These photos were taken with my iPhone and then filtered through a couple photo apps.


From upper left, the Blessed Sacrament ciborium
before being taken to the tabernacl; prayer card cover;
and Easter Candle and reader

Gathering prayer with altar
before blessing with holy water


These windows adorn the chapel, dedicated to St. Dominic.
Clockwise from left, Mother and Child Jesus, with on the right St. Joseph, and St. Dominic. He is the patron of astronomers, astronomy and falsely accused people.

You can read and hear about the installation of the stained glass here.

Monday, May 2, 2011

Ordination at Holy Spirit Monastery

I had the good fortune to spend some time at the Holy Spirit Monastery recently. The assignment was to write about the ordination of a monk.

CONYERS - With prayers and ancient rituals, the monks at Holy Spirit Monastery and friends celebrated the ordination of Brother Augustine Myslinski to the priesthood.
Friends and colleagues crowded the abbey church Saturday, April 30, as streaming light from the stained glass windows made the stone glow blue.
A long faith journey for now Father Augustine Myslinksi came to an end when he kneeled in front of Auxiliary Bishop Luis R. Zarama and the bishop in silent prayer laid his hands on the monk’s head. During that moment, the church teaches that a man receives the Holy Spirit to serve as a priest.
“May God who has begun the good work in you bring it to fulfillment,” said the bishop.

Read the rest of the story and in next week's edition of the Georgia Bulletin. Below is the video of the procession at the end of Mass:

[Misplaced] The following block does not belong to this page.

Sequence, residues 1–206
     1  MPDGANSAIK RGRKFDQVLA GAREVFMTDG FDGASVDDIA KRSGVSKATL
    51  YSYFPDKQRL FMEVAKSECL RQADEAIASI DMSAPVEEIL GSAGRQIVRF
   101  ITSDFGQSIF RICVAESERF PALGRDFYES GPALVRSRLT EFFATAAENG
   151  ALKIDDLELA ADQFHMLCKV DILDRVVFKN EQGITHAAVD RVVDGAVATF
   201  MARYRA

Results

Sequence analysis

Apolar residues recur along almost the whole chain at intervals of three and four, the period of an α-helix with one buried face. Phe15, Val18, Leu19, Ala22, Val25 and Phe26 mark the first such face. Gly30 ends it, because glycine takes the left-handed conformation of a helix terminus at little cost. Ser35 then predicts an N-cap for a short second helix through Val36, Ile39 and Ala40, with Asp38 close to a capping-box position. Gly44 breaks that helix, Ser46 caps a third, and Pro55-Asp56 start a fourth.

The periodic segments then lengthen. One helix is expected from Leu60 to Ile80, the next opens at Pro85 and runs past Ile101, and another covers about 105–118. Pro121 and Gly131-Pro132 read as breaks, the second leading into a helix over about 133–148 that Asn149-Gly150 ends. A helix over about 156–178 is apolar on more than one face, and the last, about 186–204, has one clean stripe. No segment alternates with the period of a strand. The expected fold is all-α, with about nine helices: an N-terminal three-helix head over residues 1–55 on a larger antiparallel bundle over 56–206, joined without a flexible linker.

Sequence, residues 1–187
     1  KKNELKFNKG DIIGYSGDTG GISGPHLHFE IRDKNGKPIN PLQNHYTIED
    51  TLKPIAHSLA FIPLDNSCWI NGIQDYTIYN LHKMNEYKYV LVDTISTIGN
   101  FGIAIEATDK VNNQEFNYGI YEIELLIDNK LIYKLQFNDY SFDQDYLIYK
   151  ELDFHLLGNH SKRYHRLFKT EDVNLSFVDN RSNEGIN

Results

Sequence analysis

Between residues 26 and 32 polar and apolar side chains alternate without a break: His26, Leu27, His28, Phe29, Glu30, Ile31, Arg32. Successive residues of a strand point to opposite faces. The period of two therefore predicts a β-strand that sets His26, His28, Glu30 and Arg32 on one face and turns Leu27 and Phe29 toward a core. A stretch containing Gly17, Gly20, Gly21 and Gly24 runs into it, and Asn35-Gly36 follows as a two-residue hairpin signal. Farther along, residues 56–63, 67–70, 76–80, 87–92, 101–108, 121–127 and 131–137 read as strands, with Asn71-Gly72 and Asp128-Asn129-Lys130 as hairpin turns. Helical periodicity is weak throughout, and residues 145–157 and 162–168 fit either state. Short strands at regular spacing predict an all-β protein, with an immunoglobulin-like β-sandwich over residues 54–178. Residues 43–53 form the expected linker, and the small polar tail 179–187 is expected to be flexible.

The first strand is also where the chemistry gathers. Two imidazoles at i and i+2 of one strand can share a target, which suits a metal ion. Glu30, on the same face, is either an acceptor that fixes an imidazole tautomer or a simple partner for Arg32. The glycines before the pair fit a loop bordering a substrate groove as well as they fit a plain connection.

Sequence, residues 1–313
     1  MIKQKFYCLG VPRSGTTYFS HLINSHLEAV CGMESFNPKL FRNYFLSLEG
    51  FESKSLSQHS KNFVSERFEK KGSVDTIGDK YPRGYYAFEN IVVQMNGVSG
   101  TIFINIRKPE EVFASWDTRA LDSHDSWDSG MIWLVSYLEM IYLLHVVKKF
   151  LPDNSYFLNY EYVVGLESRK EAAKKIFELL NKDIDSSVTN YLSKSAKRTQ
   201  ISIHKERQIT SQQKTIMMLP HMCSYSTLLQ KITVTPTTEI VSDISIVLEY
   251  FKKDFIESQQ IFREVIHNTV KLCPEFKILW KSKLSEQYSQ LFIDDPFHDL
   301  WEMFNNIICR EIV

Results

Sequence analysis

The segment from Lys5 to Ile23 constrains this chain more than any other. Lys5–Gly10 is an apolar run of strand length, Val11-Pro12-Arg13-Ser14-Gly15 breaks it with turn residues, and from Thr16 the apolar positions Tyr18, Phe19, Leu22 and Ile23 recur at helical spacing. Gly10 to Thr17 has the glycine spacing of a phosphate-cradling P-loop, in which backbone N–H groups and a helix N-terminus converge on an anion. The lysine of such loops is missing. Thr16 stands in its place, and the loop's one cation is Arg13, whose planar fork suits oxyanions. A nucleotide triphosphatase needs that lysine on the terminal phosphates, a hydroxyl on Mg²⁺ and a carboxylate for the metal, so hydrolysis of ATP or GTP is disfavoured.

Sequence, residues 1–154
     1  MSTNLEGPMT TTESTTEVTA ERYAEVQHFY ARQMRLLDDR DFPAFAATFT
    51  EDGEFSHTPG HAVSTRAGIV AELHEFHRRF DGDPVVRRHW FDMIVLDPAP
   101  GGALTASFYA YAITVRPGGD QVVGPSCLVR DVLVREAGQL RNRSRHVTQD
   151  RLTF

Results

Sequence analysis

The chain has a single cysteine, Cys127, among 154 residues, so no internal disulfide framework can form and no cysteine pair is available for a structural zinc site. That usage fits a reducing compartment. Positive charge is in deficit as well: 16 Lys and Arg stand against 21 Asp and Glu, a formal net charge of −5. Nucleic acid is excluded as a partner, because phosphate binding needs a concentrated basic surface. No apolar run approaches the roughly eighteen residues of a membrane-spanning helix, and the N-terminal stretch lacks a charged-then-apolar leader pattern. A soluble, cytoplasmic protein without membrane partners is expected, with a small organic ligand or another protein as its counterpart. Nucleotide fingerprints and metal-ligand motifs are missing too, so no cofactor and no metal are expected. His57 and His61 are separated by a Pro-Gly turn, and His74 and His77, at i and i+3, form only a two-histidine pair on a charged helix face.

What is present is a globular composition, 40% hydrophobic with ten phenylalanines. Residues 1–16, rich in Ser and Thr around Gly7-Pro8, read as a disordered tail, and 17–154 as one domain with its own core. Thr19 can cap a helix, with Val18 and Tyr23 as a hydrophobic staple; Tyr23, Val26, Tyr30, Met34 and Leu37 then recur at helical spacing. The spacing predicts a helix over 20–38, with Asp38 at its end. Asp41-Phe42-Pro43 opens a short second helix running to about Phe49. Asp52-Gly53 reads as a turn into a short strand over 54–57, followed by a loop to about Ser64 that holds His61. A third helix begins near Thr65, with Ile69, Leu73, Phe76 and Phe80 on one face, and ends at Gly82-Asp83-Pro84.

Monday, March 28, 2011

Lent Recipe -- Update

The dish was a hit. Words like "wow" and "yum" were thrown around.

What I liked is the zip in the food from the red pepper. It gave the meal a bit of a zing. I hadn't been expecting that, even though I made it.

It was a very easy to make and took no time. I am going to be adding this to my cookbook.

The newspaper invited, asked, pleaded with readers to submit Lent recipes to run in the paper. We wanted to find dishes to get out of the It's-Friday-it-must-be-fish-sticks-for-dinner rut. You readers delivered. We received about a dozen recipes to try.

Yours truly made shrimp with orzo. I had most things - olive oil and spices - in my kitchen. But I faced a bit of choice with buying the shrimp and figuring out where to find orzo.

I'll update this post after we taste the meal.

Friday, March 25, 2011

Immigration Rally

Atlanta - Thousands of rallied against tough illegal immigration bills at the Georgia Statehouse Thursday, March 24.

Opponents of the law say the law will promote racial profiling, hurt the state's economy as law enforcement is given broader powers to enforce immigration laws.

Here's some photos and a video at the end taken with a mobile phone:

US Rep. John Lewis, D- Ga., a civil rights icon, rallied protesters at the immigration rally in Atlanta.

Look for a full report and thoughts about people who attended the rally in next week's Georgia Bulletin.